As time went on, some of the long time residents of the village also took an interest in us and gave us extra food. It was always done in secret, however, as they would sneak it up to our doorway when a Khmer Rouge soldier wasn?t looking and run away. To be caught aiding newcomers in this way could mean death for them.

As well as being riskily generous with his rice, my leader friend also was generous with village secrets. For example, about three evenings after that first village meeting, another meeting was called for the newcomers. In this meeting, the village leader asked everyone who had been an officer in the Lon Nol army to write his name on a list, and then head back to the fields and rice paddies to his work. Told that the list was being compiled to start sending people back home to Phnom Penh, the newcomers obliged with happy surprise.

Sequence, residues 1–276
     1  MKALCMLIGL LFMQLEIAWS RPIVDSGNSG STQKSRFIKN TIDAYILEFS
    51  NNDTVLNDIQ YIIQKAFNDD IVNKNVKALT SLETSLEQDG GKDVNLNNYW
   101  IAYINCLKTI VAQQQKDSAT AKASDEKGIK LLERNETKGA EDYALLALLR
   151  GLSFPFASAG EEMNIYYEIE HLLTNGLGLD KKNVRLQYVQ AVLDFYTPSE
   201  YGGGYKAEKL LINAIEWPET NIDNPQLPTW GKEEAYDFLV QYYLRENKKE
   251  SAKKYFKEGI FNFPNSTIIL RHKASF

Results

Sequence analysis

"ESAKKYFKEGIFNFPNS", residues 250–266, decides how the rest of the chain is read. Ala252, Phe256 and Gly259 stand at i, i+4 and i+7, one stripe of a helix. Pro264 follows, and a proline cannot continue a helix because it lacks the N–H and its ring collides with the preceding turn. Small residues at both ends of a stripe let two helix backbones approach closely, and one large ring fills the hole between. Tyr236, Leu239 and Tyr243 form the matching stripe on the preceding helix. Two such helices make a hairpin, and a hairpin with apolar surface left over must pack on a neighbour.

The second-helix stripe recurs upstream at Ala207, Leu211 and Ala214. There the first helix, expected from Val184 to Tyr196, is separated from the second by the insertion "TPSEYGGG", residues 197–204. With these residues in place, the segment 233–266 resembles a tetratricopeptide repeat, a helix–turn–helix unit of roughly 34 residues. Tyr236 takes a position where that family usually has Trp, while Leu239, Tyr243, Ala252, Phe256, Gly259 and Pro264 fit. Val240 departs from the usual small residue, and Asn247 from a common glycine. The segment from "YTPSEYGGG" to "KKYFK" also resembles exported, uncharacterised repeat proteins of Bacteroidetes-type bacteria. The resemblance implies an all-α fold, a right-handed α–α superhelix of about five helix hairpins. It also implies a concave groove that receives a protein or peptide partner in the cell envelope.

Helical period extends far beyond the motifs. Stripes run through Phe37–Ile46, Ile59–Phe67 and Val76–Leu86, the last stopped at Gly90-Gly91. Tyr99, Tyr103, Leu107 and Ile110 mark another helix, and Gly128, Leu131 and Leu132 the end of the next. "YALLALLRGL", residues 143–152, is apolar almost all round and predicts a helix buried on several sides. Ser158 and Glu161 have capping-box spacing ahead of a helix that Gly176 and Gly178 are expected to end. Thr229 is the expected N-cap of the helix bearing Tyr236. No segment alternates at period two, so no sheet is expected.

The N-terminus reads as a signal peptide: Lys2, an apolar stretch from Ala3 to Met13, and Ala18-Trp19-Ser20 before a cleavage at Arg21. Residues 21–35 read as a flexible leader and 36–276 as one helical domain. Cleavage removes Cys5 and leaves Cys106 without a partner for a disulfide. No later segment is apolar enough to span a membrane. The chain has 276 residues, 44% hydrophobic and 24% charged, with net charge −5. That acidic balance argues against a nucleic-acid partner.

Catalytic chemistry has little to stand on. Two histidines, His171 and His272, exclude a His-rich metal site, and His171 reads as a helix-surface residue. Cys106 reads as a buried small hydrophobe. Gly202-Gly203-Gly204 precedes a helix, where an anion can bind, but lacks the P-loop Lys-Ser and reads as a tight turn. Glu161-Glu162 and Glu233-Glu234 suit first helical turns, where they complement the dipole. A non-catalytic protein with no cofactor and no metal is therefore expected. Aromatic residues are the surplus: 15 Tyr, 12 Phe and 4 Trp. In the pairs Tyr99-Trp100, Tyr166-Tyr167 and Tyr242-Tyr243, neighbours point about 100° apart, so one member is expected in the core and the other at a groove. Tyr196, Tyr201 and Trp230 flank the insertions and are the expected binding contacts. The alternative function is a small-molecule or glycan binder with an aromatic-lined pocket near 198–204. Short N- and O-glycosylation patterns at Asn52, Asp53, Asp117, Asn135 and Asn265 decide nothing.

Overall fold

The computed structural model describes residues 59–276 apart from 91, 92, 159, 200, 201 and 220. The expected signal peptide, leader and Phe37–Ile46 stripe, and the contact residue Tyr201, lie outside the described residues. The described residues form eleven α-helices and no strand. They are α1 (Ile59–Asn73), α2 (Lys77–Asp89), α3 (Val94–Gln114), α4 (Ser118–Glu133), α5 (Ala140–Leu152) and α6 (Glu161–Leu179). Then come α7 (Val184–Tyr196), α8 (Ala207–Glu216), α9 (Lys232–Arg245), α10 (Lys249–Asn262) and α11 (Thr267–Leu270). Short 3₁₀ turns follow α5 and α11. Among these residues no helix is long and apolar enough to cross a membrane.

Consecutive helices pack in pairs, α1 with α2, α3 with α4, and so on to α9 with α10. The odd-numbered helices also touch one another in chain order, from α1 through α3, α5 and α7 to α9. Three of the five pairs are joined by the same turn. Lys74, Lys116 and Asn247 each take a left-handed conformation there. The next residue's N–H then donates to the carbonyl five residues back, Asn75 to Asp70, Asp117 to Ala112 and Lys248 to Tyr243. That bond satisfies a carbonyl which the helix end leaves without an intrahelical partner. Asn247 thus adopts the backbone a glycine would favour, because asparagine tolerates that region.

But my group leader had told me that when the former officers returned to the fields that night, death was awaiting each one at the hands and knives of the Khmer Rouge. The next morning, other workers were welcomed to their day?s work in the rice paddies by the bodies of the officers floating in the water. The purge of the ?enemy? I had previously heard rumoured was now proven fact.

My leader also let me in on another secret: Khmer Rouge agents were routinely hiding beside our shelter at night, listening in on private conversations between Samoeun and me to catch anything that might further incriminate us as city people. We heeded the warning well; but it was difficult to believe that not even the night time could provide a haven from the ever-present Khmer Rouge.